2021
Corporate 401(k) >$300MM–$1B

Old National Bancorp

FINALIST
George Lance
Senior Vice President and Rewards and Training Director
  • Plan(s)
    401(k)
  • Total Plan Assets
    $352MM
  • Number of Participants
    3,050
  • Participation Rate
    98%
  • Average Deferral Rate
    7.4%
  • Default Deferral Rate
    6%
  • Default Investment
    Principal LifeTime Hybrid Collective Investment Trust Funds
  • Automatic Enrollment
  • Automatic Escalation
  • Employer Contribution
    75% of 4% + 50% of the next 4%
  • Provider(s): Recordkeeper
    Principal Financial Group; Adviser: Sheridan Road Advisors LLC
  • Financial Wellness Educators(s)
    Principal Financial Group, Sheridan Road Advisors LLC, National Financial Educators Council

For Old National Bancorp, implementing a stretch match that requires 401(k) plan participants to save 8% to receive the full employer match has helped boost average deferrals to 7.4%. In making the formula change, the company increased its own matching contribution.

Old National has grown exponentially over the past decade, says George Lance, the bank’s senior vice president and rewards and training director. It now operates primarily in five states: Indiana—with its main office in Evansville—Kentucky, Michigan, Minnesota and Wisconsin. “We’re a regional bank, and we’ve now expanded into some of the larger markets in the Midwest [such as Minneapolis and Milwaukee],” he says.

In early 2018, Old National decided to revisit its 401(k) match approach. “We thought we needed to stay on the leading edge, because we are growing and going into the larger markets,” he says. “We want our plan to be comparable to the larger employers in all of our markets and also potentially in the lead position in some markets.”

Since 2010, Old National had offered an employer match of 50% of the first 6% of pay, so participants potentially got a 3% match. “We thought, ‘Let’s do the match formula in a way that’s a more meaningful benefit for our people,’ and we decided on a 5% employer contribution, which puts us in a good position versus our peers,” Lance explains.

Then Old National analyzed a handful of different match-formula options that would equal a 5% employer contribution. “We had seen the tendency of people to contribute enough to maximize the match, and at that point our average deferral was at about 5.5%,” he says. “We thought, ‘If we move it so they have to contribute more to get the full match, we can really drive additional saving behavior.’”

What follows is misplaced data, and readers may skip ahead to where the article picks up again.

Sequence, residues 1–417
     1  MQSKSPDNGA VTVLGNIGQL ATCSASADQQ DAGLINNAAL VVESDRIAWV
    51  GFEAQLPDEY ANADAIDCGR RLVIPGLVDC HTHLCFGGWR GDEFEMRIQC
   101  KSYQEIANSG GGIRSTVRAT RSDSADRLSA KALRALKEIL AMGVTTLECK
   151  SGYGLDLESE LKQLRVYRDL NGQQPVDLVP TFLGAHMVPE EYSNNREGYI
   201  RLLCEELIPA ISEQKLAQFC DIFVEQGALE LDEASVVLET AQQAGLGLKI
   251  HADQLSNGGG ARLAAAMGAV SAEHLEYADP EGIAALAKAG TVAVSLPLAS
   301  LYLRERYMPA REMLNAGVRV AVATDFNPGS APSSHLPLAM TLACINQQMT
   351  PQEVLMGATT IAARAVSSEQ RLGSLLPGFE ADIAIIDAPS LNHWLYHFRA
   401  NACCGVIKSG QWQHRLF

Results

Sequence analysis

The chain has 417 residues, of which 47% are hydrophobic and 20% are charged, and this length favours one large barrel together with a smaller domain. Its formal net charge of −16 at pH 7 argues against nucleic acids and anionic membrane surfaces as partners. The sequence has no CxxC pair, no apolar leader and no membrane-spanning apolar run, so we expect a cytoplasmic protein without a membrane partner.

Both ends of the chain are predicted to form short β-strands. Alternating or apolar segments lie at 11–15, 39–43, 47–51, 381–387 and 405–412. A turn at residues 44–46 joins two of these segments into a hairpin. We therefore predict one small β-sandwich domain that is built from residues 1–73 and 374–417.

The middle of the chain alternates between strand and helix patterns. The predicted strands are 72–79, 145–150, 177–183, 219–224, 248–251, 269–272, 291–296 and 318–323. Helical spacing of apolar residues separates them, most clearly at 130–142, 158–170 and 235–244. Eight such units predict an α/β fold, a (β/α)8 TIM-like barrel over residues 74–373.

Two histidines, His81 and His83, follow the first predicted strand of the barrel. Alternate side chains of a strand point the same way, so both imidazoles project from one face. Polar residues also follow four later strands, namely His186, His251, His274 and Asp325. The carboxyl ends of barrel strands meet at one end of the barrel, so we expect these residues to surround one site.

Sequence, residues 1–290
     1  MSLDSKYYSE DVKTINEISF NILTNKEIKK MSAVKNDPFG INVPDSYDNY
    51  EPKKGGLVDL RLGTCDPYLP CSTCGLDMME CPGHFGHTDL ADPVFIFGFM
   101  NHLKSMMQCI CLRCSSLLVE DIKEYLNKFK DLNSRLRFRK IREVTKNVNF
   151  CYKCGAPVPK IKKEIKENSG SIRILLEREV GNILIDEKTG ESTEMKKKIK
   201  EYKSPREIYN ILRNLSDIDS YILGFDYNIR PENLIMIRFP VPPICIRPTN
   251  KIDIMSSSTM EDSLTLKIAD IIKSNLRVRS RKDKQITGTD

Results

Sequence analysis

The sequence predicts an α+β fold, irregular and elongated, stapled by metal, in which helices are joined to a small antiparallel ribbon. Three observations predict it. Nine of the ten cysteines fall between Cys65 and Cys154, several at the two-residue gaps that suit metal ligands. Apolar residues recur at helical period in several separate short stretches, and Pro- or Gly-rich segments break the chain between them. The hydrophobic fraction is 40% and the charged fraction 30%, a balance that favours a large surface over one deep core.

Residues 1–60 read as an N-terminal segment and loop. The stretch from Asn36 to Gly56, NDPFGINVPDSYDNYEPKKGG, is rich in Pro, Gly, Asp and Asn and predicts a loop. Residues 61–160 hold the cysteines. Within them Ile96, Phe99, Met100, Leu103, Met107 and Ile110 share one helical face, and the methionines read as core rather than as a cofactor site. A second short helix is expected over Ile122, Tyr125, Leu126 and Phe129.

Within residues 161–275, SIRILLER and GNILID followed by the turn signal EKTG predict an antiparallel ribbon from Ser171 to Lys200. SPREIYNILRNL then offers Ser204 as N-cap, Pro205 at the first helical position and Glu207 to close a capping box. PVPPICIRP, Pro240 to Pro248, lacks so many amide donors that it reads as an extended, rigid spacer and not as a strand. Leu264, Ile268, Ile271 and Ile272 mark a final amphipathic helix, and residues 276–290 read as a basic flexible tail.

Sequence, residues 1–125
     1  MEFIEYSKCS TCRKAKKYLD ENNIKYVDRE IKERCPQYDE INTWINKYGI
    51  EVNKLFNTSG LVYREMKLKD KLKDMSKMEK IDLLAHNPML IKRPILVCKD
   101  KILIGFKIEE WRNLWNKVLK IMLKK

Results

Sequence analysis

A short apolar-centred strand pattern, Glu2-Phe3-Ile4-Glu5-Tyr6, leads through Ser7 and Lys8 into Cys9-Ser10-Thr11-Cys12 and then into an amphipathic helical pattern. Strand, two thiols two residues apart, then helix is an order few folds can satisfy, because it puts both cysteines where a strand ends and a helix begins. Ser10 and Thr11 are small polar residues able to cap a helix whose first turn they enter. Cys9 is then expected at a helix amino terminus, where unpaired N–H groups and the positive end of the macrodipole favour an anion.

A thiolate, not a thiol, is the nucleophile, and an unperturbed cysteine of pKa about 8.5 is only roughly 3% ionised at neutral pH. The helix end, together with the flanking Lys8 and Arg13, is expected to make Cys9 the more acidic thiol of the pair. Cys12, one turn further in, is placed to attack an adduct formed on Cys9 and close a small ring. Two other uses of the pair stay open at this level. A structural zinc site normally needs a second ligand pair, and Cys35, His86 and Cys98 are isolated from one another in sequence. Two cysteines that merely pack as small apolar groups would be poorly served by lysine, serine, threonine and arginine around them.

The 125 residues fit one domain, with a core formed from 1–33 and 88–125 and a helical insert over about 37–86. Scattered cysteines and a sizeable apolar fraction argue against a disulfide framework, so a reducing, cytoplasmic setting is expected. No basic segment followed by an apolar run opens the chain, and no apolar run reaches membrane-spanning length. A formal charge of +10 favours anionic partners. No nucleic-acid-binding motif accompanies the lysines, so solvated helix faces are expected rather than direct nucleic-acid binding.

So, in mid-2018, the plan moved to a match of 75% of the first 4%, plus 50% of the next 4%—a total potential employer match of 5% given to participants who contribute at least 8%. To help explain the new match formula to its employees, Old National used multiple communication approaches, Benefits Leader Mary Scheller says. “We sent them emails, and we also created ‘flash screens’ that would display a message when they first started up their computer,” she says. The communications campaign utilized the slogan “Eight Is Great,” she says, and explained that participants who defer 8% will get the full 5% employer match, for a 13% total contribution.

For the employer—which also does an annual re-enrollment sweep of nonparticipants and under-savers, at 6%—the formula change meant a potential increase in expenses, from matching 3% of pay to 5% of pay. “From our perspective, it was worth it because it has helped motivate, engage and retain our team members,” Lance says. “It helps our people be better prepared for retirement. And having team members who feel more secure about their own financial future better positions them to work with our clients on helping them to be financially successful.”

Judy Ward

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